MANSOOR ADAYFI: Yeah, that’s back to 2006. As you know, like — let me give a brief introduction to why we went on hunger strike in the first place. As you know, we were transferred to Guantánamo, spent years without — without any kind — like, until now, without kind of, like, charges or rights and so on. By the end of 2002, General Geoffrey Miller arrived, and he turned the Guantánamo into a experimenting lab. And the situation got only worse every month and every year.
By 2005, we managed to organize like a mass hunger strike, that embarrassed the U.S. government. The camp administration at that time tried to negotiate with us to stop the hunger strike so they can improve the living condition in the camp. We agreed. But it was just they were buying time.
By the beginning of 2006, a new medical team, a new camp staff arrived. One of them was a young — a young, handsome officer, who came to talk to us and told us he was there to ensure that we were being treated humanely. And we talked to him about why we were on hunger strike, what were our demands. It wasn’t jihad, as he said, like. And, you know, what people always try to turn our actions in Guantánamo as like in jihad or al-Qaeda activist cell, that what used to tell us all the time. So, these were our demands. Stop the torture. We were asking for them to improve the living condition in the camp. And he was talking to us and assured us that everything will change, and he will make sure that we be treated humanely.
Only two months, only like, I think, even less, only even less two months later, we were dragged to block — solitary confinement, different camp, different blocks. A new medical team arrived, and they start forcing feed us. And I’m [inaudible] no problem with the force-feeding. They used the force-feeding as a mean of torture. You know, I was taken to a nonformal block in Camp 2. I was tied to a force-feeding chair. Like, I couldn’t move at all. I could only breathe. Guards bring piles of Ensure. And they started with the nurses pouring can of Ensure one after another, like the only way like you eat.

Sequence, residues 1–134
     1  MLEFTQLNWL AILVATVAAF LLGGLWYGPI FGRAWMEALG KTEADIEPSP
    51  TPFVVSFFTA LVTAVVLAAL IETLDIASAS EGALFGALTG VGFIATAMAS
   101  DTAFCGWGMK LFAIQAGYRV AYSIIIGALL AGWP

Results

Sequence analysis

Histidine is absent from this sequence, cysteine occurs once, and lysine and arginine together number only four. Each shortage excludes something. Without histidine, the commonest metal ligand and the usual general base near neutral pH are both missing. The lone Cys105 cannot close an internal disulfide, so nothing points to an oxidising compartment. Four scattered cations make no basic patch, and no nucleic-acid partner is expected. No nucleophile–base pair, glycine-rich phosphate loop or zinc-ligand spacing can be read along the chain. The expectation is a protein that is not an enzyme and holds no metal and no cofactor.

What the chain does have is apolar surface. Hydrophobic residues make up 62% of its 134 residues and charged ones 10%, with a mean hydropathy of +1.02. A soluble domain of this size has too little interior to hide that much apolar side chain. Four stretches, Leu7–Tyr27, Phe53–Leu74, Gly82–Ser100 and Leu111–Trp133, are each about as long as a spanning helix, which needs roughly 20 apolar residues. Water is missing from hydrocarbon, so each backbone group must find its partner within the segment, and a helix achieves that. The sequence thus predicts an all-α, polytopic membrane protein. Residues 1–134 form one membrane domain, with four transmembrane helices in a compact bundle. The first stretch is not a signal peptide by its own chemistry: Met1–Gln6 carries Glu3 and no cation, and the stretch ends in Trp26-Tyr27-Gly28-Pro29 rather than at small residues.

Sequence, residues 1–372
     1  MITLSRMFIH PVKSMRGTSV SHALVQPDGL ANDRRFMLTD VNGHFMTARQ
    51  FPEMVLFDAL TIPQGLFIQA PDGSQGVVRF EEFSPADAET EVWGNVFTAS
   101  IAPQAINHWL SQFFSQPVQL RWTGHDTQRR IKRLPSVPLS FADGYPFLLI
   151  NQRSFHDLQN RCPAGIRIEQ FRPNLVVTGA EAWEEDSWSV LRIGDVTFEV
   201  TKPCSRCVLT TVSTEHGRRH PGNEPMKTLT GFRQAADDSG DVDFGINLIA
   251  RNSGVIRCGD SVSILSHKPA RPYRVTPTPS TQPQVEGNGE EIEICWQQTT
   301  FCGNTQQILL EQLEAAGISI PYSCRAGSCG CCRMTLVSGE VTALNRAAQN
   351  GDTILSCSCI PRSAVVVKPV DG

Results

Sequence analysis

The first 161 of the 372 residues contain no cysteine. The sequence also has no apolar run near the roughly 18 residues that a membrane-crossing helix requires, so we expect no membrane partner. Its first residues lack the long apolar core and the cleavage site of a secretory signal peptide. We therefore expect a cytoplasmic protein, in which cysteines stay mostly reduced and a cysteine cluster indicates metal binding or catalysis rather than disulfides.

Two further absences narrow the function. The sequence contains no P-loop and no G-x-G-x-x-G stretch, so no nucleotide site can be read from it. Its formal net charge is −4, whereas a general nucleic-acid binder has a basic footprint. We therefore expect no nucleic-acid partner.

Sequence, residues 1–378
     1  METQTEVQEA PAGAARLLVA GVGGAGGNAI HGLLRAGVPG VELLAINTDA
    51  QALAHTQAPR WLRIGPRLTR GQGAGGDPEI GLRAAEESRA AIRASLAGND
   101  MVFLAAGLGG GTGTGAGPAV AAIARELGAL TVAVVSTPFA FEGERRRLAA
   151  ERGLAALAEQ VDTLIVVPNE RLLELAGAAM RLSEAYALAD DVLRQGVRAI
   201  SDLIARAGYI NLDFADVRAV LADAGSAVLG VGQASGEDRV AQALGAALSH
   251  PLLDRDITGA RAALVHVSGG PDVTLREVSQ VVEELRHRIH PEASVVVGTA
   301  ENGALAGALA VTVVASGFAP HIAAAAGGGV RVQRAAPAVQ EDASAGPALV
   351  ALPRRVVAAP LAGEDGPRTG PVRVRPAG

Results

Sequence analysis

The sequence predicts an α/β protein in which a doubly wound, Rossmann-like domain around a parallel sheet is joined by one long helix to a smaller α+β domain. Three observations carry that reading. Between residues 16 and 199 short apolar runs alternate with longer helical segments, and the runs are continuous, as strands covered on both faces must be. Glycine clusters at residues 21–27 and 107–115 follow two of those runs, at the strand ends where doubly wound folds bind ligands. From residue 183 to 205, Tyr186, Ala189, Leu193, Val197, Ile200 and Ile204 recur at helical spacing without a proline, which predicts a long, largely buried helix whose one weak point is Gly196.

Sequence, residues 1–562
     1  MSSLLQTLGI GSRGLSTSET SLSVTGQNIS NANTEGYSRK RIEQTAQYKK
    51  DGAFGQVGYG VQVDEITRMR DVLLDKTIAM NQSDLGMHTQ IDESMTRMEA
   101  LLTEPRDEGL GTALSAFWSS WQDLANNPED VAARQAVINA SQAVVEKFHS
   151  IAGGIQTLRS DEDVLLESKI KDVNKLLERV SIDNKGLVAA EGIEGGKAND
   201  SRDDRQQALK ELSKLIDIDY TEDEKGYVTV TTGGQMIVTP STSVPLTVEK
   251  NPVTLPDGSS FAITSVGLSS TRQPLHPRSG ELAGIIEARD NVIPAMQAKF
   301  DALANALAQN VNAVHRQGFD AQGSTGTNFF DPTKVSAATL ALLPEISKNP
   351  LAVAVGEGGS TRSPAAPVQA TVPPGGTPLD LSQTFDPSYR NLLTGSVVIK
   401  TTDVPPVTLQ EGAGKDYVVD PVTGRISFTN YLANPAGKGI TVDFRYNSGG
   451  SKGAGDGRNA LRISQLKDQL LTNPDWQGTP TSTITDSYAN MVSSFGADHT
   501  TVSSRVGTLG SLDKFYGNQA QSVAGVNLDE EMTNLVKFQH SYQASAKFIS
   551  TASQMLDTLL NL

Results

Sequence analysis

So, during the feeding, a group of officers arrived with the interpreters, with the interrogators, camp staff, medical staff. They were behind the fence. And I saw one of them was Ron DeSantis in a military uniform. And he was — while I was screaming, yelling, because I couldn’t breathe, of the Ensure, and was like — I was bleeding, because they really insert the thick tube through my nose. So, I was, like, calling them, asking, and he was actually laughing, looking at the other officers, and smiling. So, this is my first encounter — second encounter with the Ron DeSantis. The first, before the force-feeding, he came to talk to us and other prisoners. Second time I saw him like twice while on the force-feeding.